A demographic report at the Harvard Kennedy School last year provoked outrage when it revealed the school was mostly white and male and struggles to recruit and retain minorities. A year later, that remains the case, according to the latest data.
The data, released to Kennedy School affiliates in a four-page report Thursday, indicates little change in the low numbers of underrepresented minorities who attend, teach, and work at the school.
“The report shows that the Kennedy School community is not as diverse along various dimensions as it should be in order to achieve full excellence in our mission,” Kennedy School Dean Douglas W. Elmendorf wrote in an email introducing the report. “We are not satisfied with the current situation and are committed to taking further steps to improve diversity, as well as inclusion and belonging.”
The Kennedy School last collected internal data on the demographics of its students, faculty, and staff as part of a task force on diversity in 2017. A draft report of the data, leaked to the press, presented stark statistics: African-American and Latinx faculty members numbered in the single digits, women made up less than a third of faculty members, and the yield rate among African- American students was declining, among other findings.
Addressing the lack of faculty diversity it found, the 2017 report read, “Without that diversity, we risk taking narrow views on policy issues important to our students and to the world and to missing important issues altogether.”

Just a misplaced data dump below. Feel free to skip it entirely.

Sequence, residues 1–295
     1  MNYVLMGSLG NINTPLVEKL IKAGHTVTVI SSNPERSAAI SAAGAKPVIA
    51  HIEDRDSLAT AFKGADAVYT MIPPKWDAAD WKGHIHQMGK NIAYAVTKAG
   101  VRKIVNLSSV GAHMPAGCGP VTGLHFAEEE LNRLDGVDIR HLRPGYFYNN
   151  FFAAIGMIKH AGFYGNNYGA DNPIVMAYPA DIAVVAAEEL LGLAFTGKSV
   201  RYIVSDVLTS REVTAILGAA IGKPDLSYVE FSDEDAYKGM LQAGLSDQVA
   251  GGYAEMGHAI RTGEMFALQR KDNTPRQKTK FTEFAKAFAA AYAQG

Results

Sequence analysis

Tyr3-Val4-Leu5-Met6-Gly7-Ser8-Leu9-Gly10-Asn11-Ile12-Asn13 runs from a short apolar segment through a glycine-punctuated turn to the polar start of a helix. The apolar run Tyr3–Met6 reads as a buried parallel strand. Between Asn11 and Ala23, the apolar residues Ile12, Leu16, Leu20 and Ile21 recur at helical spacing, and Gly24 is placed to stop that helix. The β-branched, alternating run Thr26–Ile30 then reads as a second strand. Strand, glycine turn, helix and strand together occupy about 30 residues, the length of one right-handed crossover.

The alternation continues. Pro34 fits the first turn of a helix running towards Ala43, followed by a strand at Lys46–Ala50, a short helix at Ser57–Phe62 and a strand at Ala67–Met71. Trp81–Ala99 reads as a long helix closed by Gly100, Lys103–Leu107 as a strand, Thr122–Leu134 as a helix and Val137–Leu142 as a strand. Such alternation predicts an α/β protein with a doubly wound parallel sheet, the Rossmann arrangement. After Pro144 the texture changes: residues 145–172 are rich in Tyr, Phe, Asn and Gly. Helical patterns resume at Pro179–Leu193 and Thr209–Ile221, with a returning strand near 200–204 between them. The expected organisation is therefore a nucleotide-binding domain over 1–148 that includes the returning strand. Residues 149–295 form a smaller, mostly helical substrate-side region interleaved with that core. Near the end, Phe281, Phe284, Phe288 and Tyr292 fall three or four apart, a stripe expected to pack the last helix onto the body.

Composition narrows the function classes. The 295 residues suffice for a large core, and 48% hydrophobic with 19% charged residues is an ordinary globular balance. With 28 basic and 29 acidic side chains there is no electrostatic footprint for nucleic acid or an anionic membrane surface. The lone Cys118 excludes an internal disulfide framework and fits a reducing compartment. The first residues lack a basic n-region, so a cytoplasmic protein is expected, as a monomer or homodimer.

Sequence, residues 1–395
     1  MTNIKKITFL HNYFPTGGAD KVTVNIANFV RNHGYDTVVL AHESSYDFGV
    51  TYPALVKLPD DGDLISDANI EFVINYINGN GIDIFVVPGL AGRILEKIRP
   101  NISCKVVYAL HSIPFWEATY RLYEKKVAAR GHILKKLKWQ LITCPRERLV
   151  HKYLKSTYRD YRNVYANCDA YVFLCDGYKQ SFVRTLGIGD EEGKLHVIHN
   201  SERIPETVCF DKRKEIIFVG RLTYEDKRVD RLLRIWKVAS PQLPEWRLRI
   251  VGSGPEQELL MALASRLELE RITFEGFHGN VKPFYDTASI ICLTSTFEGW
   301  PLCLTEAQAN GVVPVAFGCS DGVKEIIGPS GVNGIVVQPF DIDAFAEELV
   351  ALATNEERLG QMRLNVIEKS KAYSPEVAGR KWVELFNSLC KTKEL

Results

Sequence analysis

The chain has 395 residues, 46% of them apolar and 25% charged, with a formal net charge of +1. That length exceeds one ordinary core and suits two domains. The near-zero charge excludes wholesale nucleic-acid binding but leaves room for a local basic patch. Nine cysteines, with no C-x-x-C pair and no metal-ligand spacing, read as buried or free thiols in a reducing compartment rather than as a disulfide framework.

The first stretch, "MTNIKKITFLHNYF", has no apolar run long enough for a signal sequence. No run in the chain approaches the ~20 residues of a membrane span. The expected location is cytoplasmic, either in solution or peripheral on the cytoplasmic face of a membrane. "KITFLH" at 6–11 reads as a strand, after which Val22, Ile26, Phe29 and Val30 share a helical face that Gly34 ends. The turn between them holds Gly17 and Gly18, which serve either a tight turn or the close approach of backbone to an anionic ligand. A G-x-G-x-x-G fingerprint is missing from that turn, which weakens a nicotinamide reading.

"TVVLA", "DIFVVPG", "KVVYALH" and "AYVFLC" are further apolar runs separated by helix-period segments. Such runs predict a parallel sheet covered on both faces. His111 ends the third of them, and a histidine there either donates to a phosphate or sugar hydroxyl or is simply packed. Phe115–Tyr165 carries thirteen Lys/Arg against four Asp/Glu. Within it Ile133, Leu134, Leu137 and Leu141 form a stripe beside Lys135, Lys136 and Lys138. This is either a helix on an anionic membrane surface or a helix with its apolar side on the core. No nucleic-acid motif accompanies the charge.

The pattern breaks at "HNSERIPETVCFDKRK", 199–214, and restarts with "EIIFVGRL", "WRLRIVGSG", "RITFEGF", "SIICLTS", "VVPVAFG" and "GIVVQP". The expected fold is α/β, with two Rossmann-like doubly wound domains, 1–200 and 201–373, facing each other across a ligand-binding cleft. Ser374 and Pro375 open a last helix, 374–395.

Its findings sparked protests and conversations among students and faculty about the dearth of minorities and women at the school. Acting on the recommendations from the report, the school hired Dean of Diversity, Inclusion, and Belonging Robbin Chapman and instituted bias trainings for senior administrators.
Still, a year later, the numbers have hardly budged. According to the latest demographic report, men represented 53 percent of the student body and 71 percent of the faculty — nearly the same percentages as in the 2017 report. Women maintained a significant majority among staff, making up again 70 percent of staffers at HKS.
The 2018 report — which only examines U.S. citizens at the school — also provided a breakdown of the demographics of each degree program. In the Masters in Public Policy program, the largest the school offers, the percentage of African-American students increased from 4 percent in 2015 to 7 percent in 2018. Last year’s report found that students who identified as Hispanic constituted 7 percent of the student body in 2015; in 2018, “Hispanic/Latinx” students made up the same proportion.
The number of Asian-American students pursuing the MPP degree, however, increased noticeably between this year and last. In the 2017 report, Asian Americans made up 7 percent of MPP students, whereas the 2018 report showed Asian-American students represented 17 percent of students.
Chapman said the dean and senior staff — the team which produced this inaugural public report — could not explain the jump.
“That’s part of the work we are going to be doing moving forward,” Chapman said.
The faculty data showed even less of a shift from previous reports. In the 2018 report, 79 percent of professors identified as white. Only one professor identified as “Hispanic/Latinx,” and the report said two professors are Black or African American.